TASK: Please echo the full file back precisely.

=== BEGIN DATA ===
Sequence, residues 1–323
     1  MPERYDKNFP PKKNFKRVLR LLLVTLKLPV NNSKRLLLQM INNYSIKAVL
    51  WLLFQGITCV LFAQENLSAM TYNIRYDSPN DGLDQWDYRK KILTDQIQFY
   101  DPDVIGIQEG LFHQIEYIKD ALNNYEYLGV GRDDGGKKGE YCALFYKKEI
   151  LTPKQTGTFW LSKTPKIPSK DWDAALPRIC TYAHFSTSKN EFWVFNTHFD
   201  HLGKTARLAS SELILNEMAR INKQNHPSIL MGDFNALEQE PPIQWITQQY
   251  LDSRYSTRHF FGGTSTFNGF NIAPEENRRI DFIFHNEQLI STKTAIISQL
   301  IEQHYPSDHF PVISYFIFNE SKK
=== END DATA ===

Sequence, residues 1–323
     1  MPERYDKNFP PKKNFKRVLR LLLVTLKLPV NNSKRLLLQM INNYSIKAVL
    51  WLLFQGITCV LFAQENLSAM TYNIRYDSPN DGLDQWDYRK KILTDQIQFY
   101  DPDVIGIQEG LFHQIEYIKD ALNNYEYLGV GRDDGGKKGE YCALFYKKEI
   151  LTPKQTGTFW LSKTPKIPSK DWDAALPRIC TYAHFSTSKN EFWVFNTHFD
   201  HLGKTARLAS SELILNEMAR INKQNHPSIL MGDFNALEQE PPIQWITQQY
   251  LDSRYSTRHF FGGTSTFNGF NIAPEENRRI DFIFHNEQLI STKTAIISQL
   301  IEQHYPSDHF PVISYFIFNE SKK